Support for human rights defenders, with a specific focus on female human rights defenders, also underpins EU external relations policy. On September 21st, EU High Representative Mogherini stressed the need to support female human rights activists during the first women-only foreign ministers conference, held in Montréal. During the opening session of the conference, which brought together foreign ministers from almost 20 countries to discuss security and gender-based violence issues, Mogherini said:
“Here I am proud of the work we have been doing as Europeans together with the United Nations, in particular, and together with friendly and like-minded partners around the world, to also protect women human rights defenders at a moment where all human rights defenders are under attack. We see the need to do that.”
… and in practice
Unfortunately, rhetorical commitments too often contrast with realities and EU actions on the ground. Indeed, while Fathy and other female activists are being arrested in Egypt for speaking out about women’s and human rights, the European Council seeks to step up cooperation with the authoritarian government in Cairo to solve its migration problem and turn Egypt into an energy hub. During the informal Salzburg summit of heads of government on 19-20 September, Austrian Chancellor Sebastian Kurz, whose country currently holds the rotating presidency of the Council, praised Egypt for stopping people from leaving its coast and announced increased support for the country. While still in its early phase of thrashing out the details, Donald Tusk already confirmed that an EU-Arab League summit would be held in Cairo in February, and a €60 million EU-Egypt agreement to curb irregular migration has recently been signed.
Increased cooperation with Egypt in the realm of migration may well undermine the EU’s core commitment to prevent violence against women and girls in its external action, as enshrined in GAP II. Female refugees and migrants are particularly vulnerable to human trafficking, gender-based violence, exploitation and abuse. A gender-sensitive approach to migration management from partner countries is therefore vital. From a human rights perspective, however, there are serious doubts about outsourcing migration to authoritarian regimes, as a recent CEPS report outlined. These regimes often play fast and loose with rules of non-refoulement and the prohibition of arbitrary detention under inhuman and degrading conditions. The rights of women on the move do not generally figure high on the agenda either.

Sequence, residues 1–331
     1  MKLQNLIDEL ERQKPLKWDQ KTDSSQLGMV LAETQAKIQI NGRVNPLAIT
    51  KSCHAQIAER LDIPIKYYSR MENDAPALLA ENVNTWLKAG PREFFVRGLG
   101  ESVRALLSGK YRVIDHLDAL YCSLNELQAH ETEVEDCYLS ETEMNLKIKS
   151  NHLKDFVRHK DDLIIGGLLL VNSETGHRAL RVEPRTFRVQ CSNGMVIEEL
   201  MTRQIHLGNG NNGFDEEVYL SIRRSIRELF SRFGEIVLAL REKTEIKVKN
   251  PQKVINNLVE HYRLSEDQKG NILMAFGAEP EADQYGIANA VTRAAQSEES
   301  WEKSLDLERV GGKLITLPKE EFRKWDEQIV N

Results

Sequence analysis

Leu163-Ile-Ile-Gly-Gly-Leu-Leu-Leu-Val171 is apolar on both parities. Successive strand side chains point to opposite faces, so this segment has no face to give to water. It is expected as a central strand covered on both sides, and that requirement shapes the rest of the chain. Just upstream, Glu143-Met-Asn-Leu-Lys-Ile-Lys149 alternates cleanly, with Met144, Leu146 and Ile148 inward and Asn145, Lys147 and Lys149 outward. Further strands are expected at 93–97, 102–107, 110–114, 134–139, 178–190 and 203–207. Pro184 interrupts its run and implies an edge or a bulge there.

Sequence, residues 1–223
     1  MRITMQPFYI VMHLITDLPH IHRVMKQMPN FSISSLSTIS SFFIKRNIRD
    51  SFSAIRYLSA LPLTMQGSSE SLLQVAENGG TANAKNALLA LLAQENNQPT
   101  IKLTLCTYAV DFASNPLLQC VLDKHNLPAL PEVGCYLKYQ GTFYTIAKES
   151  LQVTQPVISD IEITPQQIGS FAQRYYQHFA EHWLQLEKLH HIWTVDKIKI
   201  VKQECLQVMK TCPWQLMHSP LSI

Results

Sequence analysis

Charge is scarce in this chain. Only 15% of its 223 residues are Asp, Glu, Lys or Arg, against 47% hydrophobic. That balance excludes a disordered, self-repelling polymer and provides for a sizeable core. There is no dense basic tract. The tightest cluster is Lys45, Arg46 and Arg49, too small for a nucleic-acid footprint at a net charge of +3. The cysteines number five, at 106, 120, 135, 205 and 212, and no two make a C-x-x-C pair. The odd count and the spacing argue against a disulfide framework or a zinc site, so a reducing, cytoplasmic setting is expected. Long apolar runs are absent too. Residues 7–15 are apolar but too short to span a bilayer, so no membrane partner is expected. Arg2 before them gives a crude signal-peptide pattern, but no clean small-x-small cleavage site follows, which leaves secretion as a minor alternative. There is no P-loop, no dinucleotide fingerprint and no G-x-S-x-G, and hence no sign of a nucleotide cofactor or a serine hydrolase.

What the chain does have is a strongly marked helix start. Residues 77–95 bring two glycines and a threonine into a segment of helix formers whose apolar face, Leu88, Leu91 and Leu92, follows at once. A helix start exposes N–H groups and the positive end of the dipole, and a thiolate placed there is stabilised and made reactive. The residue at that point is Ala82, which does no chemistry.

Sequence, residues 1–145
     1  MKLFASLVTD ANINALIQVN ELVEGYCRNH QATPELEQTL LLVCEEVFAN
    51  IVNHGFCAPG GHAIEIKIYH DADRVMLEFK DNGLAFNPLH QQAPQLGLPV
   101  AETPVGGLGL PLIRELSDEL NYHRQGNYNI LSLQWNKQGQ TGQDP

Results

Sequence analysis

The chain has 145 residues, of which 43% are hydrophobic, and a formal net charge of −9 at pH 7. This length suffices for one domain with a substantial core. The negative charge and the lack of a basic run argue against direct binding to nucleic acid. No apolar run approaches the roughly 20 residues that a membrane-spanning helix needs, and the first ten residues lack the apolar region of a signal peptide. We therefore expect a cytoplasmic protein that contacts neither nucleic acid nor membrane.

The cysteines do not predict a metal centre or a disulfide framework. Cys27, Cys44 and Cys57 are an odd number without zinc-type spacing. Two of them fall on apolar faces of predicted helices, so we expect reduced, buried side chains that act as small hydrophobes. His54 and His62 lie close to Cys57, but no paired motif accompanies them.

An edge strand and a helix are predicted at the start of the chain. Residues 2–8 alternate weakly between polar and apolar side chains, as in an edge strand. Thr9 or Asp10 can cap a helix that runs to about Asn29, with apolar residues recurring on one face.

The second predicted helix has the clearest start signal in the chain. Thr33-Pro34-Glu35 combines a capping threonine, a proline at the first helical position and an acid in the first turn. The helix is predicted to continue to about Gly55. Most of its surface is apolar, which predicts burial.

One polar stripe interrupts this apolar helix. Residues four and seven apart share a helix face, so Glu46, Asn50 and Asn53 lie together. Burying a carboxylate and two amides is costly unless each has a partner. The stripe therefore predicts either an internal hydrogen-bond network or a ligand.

Increased (financial) support for Egypt also further silences female human rights defenders like Fathy, as it further legitimises and normalises the brutal authoritarian nature of El-Sisi’s regime. Strongmen such as El-Sisi are glad to accept the EU’s migration money in return for immunity from external criticism and sanctions. Thus far, the EU institutions have not spoken out about the recent conviction of Amal Fathy and have failed to denounce El-Sisi’s implausible state feminism.
But if the EU and its member states wish to be more genuine about their women’s rights agenda than President El-Sisi, further cooperation and budgetary support for Egypt needs to take full account of the 2017-20 ENP partnership priorities, which are predicated on a ‘shared commitment to democracy, the rule of law and the respect of human rights’.
If nothing else, Fathy’s case clearly shows that women’s rights can never flourish without democracy and pluralism.
Loes Debuysere is a Researcher at CEPS.